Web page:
It is a well-known detail of art history that Claude Monet produced some of his most famous paintings while staying in London at the Savoy.
But while the hotel has always been ready to take fans to see the views of Westminster and Waterloo bridges just as the famous Impressionist saw them, they have never really marketed the Monet connection until now.
In a belated response to this niche cultural demand, it is launching the Monet Suite Experience, whereby the artistically inclined can bag one of the suites the artist stayed in with a range of art materials and the services of an art tutor for advice on reproducing his famous works.
For further inspiration, Neil Meacher, the art teacher, will conduct guests on a tour of the Impressionist paintings on show in the nearby National Gallery.
The slap-up Monet Suite Experience for two, including dinner with fine wines, cocktails in the famous American bar and buffet breakfast, will come in at £2,600 (with VAT) which, while not cheap, is a fraction of the price of a Monet painting.
A one-day Monet programme for two people for a night in the fifth-floor suite, with views along the Thames, costs from £720.
Pam Carter, a Savoy spokeswoman, said: "We have taken it for granted that Monet stayed at the Savoy. Where else would he stay? But we have always had lots of inquiries over the years, especially if there's an exhibition on, from people wanting to come and take photographs and we just let them."
About six months ago, the hotel had decided to take the connection more seriously and placed a copy of one of his acclaimed views of Westminster Bridge in one of the suites he stayed in. It invited a British artist, Peter Brown, whose style was influenced by Impressionism, to become the hotel's first artist-in-residence. He has already produced the first works which will be reproduced in limited edition prints as the Savoy Art Collection.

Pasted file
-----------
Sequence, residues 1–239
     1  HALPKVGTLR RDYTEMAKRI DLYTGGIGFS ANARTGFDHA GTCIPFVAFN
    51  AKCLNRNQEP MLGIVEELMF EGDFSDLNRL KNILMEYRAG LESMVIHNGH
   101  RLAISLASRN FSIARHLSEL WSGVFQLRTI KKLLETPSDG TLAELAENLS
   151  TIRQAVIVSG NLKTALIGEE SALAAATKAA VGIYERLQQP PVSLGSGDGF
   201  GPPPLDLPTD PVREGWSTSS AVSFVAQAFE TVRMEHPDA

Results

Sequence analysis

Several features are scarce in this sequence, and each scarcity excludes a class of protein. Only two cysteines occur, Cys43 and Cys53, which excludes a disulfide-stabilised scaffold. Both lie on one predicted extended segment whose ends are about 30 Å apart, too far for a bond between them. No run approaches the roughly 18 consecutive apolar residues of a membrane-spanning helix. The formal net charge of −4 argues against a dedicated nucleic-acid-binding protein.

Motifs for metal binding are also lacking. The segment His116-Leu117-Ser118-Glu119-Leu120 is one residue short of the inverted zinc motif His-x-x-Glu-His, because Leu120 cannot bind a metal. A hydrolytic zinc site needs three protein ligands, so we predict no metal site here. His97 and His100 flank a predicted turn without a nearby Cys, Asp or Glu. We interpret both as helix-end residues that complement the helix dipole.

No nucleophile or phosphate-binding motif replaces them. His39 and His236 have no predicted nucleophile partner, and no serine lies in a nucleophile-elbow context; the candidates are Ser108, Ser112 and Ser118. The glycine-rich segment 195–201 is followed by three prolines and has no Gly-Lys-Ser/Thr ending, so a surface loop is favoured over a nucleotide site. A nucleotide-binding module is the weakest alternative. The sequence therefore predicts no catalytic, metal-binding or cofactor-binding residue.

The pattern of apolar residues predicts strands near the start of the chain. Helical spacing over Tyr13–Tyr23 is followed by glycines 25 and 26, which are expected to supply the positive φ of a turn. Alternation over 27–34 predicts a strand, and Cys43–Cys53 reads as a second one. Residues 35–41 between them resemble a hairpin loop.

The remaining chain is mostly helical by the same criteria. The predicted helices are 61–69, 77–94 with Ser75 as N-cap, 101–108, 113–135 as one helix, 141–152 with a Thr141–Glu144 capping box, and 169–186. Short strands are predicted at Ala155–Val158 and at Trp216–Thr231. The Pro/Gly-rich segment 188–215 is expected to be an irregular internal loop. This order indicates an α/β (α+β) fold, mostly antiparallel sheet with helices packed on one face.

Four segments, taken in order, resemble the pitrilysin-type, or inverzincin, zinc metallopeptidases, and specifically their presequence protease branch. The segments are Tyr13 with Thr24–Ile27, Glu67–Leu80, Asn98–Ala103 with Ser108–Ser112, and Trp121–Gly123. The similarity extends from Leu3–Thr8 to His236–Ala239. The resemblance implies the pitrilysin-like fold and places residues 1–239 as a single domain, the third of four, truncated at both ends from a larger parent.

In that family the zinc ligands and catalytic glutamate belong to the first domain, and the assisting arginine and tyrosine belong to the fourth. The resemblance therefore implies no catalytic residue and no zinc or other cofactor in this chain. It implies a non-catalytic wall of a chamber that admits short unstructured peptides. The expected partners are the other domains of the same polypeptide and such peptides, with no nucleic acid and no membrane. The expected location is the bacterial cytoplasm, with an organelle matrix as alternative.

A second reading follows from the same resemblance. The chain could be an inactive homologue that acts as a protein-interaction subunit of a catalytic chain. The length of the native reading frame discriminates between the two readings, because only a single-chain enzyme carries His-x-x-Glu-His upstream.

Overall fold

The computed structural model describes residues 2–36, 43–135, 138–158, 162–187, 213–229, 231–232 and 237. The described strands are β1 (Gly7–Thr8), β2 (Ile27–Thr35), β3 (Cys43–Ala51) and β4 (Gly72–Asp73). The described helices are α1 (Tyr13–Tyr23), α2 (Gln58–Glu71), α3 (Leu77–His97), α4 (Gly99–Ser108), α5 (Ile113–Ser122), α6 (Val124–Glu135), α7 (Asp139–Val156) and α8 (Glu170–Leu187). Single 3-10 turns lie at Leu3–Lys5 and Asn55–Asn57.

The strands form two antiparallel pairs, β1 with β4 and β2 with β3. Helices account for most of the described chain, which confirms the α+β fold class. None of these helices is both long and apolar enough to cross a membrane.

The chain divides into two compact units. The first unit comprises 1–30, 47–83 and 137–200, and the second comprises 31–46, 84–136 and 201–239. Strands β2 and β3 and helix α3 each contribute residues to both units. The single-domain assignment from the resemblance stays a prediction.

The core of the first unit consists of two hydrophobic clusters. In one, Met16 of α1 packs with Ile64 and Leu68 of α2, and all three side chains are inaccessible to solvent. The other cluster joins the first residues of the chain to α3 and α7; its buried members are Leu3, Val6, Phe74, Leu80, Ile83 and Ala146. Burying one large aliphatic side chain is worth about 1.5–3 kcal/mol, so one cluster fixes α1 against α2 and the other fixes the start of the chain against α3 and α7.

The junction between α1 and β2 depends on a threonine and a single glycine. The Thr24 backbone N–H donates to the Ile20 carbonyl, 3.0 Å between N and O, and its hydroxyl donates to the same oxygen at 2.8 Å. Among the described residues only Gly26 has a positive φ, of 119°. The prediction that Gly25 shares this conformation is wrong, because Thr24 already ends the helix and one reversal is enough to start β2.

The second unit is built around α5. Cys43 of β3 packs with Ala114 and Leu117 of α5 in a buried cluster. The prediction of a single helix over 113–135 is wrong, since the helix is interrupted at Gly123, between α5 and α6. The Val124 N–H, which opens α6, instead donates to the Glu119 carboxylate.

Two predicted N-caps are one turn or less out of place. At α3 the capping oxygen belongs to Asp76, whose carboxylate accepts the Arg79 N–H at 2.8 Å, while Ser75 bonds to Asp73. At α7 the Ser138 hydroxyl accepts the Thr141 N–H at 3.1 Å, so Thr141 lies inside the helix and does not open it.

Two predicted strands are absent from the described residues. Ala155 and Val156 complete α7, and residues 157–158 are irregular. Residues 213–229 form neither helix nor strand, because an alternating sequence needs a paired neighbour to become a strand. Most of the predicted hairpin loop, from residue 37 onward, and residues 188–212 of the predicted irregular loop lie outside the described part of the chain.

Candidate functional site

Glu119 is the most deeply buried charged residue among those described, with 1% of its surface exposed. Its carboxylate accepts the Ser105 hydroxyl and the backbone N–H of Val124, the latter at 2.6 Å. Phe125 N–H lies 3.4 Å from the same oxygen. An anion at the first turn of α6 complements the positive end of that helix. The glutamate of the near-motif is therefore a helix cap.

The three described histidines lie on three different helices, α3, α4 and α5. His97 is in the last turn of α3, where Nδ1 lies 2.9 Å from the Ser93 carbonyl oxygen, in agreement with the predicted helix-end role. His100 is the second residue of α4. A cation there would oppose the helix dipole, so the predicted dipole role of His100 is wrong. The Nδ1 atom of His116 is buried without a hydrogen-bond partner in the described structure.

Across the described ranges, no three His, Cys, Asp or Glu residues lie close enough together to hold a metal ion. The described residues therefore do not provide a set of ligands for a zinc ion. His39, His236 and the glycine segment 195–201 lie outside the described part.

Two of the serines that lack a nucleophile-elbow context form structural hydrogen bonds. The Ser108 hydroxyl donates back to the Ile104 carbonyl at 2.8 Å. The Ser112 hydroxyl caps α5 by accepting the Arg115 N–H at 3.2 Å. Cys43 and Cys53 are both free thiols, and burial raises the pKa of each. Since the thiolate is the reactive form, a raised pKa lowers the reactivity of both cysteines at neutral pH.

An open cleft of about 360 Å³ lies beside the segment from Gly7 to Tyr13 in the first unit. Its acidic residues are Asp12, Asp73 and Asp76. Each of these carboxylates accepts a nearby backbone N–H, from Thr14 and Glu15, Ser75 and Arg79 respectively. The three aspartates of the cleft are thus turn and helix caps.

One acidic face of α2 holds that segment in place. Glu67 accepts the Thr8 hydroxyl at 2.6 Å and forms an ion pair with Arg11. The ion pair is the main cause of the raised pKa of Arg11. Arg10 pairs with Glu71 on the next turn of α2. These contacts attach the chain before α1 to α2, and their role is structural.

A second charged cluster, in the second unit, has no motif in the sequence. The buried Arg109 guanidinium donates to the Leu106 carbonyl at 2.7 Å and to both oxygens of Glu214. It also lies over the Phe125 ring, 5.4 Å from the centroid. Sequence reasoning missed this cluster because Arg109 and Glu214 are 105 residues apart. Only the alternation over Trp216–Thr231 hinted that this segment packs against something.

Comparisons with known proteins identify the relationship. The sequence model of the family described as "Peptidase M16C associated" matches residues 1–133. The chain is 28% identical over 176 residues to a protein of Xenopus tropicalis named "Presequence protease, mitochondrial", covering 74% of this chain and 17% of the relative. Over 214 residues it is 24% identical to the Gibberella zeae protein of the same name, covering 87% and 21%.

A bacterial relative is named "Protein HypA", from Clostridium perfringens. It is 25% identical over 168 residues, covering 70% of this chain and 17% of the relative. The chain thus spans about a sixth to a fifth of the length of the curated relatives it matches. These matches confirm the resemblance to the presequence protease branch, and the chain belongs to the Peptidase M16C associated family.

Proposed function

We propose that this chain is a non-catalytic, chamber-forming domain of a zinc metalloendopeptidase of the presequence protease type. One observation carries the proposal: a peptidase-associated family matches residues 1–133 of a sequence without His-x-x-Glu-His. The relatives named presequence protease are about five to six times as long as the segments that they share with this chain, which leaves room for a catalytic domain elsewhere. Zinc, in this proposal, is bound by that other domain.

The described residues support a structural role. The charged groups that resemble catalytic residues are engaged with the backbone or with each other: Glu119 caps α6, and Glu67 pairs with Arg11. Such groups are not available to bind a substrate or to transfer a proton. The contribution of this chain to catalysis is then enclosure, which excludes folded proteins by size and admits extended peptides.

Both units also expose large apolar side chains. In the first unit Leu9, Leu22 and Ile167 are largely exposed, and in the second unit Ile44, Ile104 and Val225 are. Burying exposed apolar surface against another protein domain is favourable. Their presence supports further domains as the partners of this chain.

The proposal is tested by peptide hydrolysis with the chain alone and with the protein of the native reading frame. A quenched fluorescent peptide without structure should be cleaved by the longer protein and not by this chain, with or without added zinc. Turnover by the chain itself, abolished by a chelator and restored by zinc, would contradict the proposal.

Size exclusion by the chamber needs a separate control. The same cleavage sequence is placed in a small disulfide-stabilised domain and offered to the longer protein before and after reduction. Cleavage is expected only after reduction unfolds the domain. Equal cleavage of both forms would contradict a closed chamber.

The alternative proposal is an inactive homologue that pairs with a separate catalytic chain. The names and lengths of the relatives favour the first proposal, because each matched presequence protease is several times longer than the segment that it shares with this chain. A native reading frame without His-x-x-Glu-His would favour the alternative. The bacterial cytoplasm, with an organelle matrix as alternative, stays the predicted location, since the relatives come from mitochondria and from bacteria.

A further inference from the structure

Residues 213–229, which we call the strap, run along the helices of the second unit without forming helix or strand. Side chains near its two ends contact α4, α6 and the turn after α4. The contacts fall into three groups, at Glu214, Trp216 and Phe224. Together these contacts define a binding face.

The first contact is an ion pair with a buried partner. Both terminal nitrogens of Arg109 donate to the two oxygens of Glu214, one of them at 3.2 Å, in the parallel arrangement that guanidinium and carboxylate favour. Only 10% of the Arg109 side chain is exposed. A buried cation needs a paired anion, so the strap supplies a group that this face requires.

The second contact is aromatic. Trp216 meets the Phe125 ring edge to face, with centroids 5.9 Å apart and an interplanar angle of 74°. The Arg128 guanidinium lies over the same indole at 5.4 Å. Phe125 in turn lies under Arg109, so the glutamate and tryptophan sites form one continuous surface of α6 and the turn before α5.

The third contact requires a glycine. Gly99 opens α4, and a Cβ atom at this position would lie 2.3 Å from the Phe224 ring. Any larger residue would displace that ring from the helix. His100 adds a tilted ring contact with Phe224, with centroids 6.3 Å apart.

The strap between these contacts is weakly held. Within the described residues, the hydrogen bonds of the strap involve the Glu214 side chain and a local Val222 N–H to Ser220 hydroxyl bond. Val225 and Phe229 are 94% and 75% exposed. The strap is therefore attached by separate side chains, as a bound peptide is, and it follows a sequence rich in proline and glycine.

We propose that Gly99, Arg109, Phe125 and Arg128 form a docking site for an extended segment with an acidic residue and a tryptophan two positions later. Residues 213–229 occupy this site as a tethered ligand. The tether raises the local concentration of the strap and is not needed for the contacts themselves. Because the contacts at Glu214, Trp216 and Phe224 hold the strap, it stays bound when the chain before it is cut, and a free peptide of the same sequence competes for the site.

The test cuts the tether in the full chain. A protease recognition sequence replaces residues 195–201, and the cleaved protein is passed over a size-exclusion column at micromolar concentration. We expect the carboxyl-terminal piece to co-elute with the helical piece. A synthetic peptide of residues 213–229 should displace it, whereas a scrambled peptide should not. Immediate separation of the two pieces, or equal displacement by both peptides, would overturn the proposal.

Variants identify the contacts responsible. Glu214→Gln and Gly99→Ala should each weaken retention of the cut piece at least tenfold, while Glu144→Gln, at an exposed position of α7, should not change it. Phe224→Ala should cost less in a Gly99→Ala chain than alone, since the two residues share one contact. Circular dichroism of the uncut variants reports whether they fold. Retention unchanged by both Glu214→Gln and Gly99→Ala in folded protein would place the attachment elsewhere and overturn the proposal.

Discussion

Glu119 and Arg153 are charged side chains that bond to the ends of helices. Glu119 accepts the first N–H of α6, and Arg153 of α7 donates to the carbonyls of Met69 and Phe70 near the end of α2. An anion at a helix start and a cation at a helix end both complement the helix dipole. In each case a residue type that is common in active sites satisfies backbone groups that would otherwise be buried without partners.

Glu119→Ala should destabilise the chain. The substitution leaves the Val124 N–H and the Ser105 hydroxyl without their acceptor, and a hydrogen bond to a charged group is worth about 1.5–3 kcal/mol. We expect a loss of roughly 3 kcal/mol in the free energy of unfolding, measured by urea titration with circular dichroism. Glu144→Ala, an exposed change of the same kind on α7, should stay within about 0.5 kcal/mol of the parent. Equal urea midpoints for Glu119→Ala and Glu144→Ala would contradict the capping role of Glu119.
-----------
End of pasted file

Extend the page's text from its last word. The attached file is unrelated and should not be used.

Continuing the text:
Both the suite rooms 512 and 513 and the art collection will be formally launched next week.
Monet made several visits to the hotel between 1899 and 1901, always staying on the fifth or sixth floors where he produced around 70 paintings immortalising the Thames.
"You need to be at that height to get above the tree-line. It's the best view. You can see seven bridges," Ms Carter said.
Brown, 38, from Bath, has painted from the suite and from another on the same floor across several days. His residency lasts for a year and he is free to come and go.
"When I first got there it was very, very daunting. It's such an opportunity to paint from the location that Monet did. It's an amazing place to paint from.
"But I was a little bit worried about doing a dodgy Monet rip-off. I guess I'm like an English Impressionist but my painting is not like Monet's. I'm more like [Walter] Sickert."
The view was rather different from when Monet stayed there, he added. " The atmosphere that Monet had the smog isn't there. And I think the skyline has got better with the Eye and stuff like that. I guess Monet would have loved that guff as well."
The Frenchman was not the first artist connected with the Savoy. James McNeill Whistler was a friend of Richard D'Oyly Carte, who opened the hotel in 1889 and painted the scaffolding even as building was taking place. Monet followed him as a guest, as did Oscar Kokoschka and Andy Warhol. Ms Carter expects there will be a core of real fans wanting to stay where Monet once painted. "I don't imagine it's going to sell daily but I think there will be a number who are very interested," she said.Reuse content